New Research Highlights What Millennial Leaders and First-time Managers Need to Succeed
September 19, 2017
International Coach Federation, Human Capital Institute unveil joint research on coaching and leadership development.
Lexington, Kentucky, USA—The International Coach Federation (ICF) and Human Capital Institute (HCI) have released findings from their latest research collaboration, Building a Coaching Culture with Millennial Leaders. The study explores how first-time people managers and emerging leaders—many of whom are Millennials—can benefit from partnering with a coach and receiving training on how to use coaching skills with their peers and teams.
2017 marks the fourth consecutive year that ICF and HCI have partnered to research coaching cultures in organizations.
“Millennials are expected to make up half of the global workforce by 2020, and we know that many of them aspire to leadership roles. Because of this, they truly will shape the culture. It is crucial for organizations to know how to help them grow and prepare for the challenges and opportunities of the future,” ICF Global CEO/Executive Director Magdalena Mook said.
The study incorporated survey responses from 670 individuals employed in organizations around the world as human resources, learning and development, and talent management professionals; managers and leaders; individual contributors; and internal coach practitioners. The study also incorporated in-depth interviews with four subject matter experts from the HR and talent development fields.
Much has been written and said about differences in working styles and values between older and younger generations. However, for the most part, ICF and HCI researchers found more similarities than differences across generations. Respondents from multiple age groups reported that developmental opportunities and flexible work arrangements are the most appealing benefits and workplace characteristics.
Most respondents demonstrated an understanding that managers and leaders who use coaching skills are more effective in their roles. When asked to describe the most effective management style, two words respondents cited most frequently were “collaborative” and “coaching.”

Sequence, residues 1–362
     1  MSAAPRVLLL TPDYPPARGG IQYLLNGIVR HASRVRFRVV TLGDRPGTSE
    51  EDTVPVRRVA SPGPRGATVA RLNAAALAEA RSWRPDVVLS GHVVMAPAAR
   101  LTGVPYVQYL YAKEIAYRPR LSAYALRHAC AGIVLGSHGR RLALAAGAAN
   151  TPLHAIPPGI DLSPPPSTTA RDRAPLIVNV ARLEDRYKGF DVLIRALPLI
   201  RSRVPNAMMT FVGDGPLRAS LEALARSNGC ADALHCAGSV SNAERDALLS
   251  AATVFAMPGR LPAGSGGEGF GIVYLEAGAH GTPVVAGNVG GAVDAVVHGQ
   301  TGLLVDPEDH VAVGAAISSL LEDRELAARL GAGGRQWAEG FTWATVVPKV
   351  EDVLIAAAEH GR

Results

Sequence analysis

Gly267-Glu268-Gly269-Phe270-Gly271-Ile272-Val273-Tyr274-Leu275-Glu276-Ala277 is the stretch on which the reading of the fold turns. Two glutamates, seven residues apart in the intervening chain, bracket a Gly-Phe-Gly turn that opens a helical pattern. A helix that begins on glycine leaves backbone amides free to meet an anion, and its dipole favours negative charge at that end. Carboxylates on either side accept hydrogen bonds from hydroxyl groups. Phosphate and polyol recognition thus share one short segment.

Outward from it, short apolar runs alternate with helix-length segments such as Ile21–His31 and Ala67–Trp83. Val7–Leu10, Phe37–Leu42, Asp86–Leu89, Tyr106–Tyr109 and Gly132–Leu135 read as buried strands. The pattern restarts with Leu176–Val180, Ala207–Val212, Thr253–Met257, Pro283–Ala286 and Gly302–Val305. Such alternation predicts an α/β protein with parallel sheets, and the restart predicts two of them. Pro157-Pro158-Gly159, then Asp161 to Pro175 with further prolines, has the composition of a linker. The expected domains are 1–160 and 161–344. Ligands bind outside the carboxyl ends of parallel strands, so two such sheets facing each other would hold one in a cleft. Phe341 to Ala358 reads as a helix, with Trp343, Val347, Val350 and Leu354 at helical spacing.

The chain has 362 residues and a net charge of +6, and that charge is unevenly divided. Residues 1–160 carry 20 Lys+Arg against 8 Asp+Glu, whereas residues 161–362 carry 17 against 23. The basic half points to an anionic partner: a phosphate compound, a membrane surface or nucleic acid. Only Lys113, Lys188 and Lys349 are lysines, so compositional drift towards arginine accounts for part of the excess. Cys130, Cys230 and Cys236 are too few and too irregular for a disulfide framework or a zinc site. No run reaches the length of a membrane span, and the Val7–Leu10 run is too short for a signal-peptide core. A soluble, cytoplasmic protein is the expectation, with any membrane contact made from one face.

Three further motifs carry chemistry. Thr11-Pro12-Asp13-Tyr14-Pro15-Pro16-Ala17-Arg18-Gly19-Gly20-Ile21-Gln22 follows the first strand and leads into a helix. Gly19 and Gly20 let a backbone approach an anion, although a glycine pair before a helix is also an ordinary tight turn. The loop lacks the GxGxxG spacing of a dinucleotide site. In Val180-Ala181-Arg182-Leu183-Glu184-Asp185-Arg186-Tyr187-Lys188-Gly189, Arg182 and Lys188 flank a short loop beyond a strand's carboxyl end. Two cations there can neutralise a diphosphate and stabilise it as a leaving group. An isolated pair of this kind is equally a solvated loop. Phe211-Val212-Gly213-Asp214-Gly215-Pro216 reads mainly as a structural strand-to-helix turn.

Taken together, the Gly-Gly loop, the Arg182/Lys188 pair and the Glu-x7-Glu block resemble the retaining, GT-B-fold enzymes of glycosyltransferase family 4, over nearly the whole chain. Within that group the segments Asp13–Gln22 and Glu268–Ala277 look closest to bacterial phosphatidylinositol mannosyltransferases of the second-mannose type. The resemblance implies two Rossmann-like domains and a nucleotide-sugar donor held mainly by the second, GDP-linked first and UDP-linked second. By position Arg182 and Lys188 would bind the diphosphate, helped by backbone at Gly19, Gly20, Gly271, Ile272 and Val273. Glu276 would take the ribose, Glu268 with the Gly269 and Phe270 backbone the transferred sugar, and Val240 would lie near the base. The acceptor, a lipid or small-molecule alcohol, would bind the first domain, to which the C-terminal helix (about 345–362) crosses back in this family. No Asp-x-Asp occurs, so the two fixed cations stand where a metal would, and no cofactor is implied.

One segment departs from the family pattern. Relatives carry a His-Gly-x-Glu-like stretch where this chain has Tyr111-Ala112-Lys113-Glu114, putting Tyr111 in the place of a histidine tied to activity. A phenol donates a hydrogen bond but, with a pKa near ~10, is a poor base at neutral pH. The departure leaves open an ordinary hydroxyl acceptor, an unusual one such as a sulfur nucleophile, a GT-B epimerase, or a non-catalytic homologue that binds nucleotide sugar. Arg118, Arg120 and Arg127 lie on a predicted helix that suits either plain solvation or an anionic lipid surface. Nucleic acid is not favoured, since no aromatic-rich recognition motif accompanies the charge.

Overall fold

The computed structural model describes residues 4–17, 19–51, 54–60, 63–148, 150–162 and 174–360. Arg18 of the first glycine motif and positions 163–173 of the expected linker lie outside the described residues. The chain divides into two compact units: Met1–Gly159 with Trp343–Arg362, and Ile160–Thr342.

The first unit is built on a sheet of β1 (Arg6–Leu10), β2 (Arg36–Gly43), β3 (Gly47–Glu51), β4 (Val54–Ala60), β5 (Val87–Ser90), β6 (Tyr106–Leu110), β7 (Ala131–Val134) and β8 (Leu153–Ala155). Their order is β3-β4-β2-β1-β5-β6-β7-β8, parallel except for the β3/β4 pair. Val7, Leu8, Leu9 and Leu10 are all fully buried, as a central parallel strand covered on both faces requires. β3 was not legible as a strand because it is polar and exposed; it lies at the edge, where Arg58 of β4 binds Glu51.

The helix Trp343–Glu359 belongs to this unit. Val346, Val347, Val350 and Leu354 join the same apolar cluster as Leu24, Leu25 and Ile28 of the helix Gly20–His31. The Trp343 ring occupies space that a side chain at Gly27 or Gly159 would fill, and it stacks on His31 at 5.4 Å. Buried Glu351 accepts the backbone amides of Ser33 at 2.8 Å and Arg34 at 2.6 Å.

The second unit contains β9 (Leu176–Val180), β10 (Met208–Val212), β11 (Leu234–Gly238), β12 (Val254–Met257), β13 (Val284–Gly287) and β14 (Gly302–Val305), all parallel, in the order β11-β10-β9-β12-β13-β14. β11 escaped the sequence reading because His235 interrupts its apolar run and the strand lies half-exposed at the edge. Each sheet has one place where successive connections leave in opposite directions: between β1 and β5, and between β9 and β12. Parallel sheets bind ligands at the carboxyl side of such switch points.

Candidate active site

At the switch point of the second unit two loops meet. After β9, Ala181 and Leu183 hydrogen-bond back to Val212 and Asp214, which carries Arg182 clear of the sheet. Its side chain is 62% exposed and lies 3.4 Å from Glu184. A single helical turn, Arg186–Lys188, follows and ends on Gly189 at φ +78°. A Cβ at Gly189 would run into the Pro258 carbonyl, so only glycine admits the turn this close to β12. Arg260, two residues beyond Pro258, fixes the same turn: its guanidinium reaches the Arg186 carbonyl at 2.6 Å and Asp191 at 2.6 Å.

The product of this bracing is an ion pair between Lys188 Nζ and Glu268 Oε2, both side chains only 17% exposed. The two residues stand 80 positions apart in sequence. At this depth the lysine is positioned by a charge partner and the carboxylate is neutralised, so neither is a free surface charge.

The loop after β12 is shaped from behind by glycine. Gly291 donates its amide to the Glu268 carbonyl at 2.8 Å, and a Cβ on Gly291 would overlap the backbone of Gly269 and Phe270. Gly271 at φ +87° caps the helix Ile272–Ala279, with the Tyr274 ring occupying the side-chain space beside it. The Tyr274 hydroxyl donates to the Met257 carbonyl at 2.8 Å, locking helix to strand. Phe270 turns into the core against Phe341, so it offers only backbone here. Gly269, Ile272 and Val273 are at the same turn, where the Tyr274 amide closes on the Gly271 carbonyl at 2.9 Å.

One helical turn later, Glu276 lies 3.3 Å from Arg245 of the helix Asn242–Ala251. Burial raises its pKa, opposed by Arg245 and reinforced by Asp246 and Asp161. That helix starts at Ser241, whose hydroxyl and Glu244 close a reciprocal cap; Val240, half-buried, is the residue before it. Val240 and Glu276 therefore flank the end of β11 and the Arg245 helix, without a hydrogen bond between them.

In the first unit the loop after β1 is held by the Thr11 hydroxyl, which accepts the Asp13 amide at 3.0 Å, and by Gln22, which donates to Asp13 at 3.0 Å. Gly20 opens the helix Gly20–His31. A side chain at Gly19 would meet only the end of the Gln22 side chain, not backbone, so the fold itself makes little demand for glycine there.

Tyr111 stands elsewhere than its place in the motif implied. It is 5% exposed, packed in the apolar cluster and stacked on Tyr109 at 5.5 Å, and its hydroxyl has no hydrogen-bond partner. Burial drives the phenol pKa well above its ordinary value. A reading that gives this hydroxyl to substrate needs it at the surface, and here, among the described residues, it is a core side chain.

This research also pointed to the business case for building a strong coaching culture. Respondents whose organizations had strong coaching cultures reported that 61 percent of their employees are highly engaged, compared to 53 percent from organizations without strong coaching cultures. Forty-six percent of respondents in organizations with strong coaching cultures reported above-average 2016 revenue growth in relation to industry peers, versus 39 percent of respondents from all other organizations.
The final report is available at Coachfederation.org/coachingculture. It is free for ICF Members and $45 USD for non-members.
The International Coach Federation (ICF) is dedicated to advancing the coaching profession by setting high ethical standards, providing independent certification and building a worldwide network of credentialed coaches across a variety of coaching disciplines. ICF is active in representing all facets of the coaching industry, including Executive, Life Vision and Enhancement, Leadership, Relationship, and Career Coaching. Its 26,000-plus members located in more than 135 countries work toward the common goal of enhancing awareness of coaching, upholding the integrity of the profession, and continually educating themselves with the newest research and practices.
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Abby Tripp Heverin